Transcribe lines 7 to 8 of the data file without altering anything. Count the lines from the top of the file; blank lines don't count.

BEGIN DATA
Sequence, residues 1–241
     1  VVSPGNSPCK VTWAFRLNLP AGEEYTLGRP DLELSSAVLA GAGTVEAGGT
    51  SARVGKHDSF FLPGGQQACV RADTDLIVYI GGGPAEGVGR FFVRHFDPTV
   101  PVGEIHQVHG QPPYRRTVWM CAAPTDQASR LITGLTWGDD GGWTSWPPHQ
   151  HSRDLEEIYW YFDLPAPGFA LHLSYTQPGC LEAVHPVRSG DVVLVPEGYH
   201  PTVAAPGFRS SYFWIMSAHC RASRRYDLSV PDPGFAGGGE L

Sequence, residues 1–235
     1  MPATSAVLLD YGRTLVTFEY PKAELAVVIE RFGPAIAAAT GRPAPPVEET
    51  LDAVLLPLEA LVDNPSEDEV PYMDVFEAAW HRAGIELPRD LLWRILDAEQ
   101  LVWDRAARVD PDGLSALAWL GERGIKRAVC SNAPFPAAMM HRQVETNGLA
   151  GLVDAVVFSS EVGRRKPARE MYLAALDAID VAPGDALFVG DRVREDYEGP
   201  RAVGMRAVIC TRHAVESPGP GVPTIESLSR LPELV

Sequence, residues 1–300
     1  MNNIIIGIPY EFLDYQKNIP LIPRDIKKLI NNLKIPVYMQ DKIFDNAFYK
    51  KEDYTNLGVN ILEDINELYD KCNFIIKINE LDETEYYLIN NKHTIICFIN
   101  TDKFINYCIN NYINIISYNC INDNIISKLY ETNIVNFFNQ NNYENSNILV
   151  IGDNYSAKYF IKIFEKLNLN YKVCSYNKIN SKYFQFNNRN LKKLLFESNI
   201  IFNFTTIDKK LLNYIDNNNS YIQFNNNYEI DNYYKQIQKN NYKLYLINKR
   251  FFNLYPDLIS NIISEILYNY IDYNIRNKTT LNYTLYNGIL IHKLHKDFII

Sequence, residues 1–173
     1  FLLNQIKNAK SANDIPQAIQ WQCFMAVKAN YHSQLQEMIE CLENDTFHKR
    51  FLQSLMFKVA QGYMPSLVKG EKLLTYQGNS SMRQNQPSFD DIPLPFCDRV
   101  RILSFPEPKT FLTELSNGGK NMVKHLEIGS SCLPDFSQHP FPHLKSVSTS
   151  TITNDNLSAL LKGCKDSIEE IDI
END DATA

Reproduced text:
Sequence, residues 1–235
     1  MPATSAVLLD YGRTLVTFEY PKAELAVVIE RFGPAIAAAT GRPAPPVEET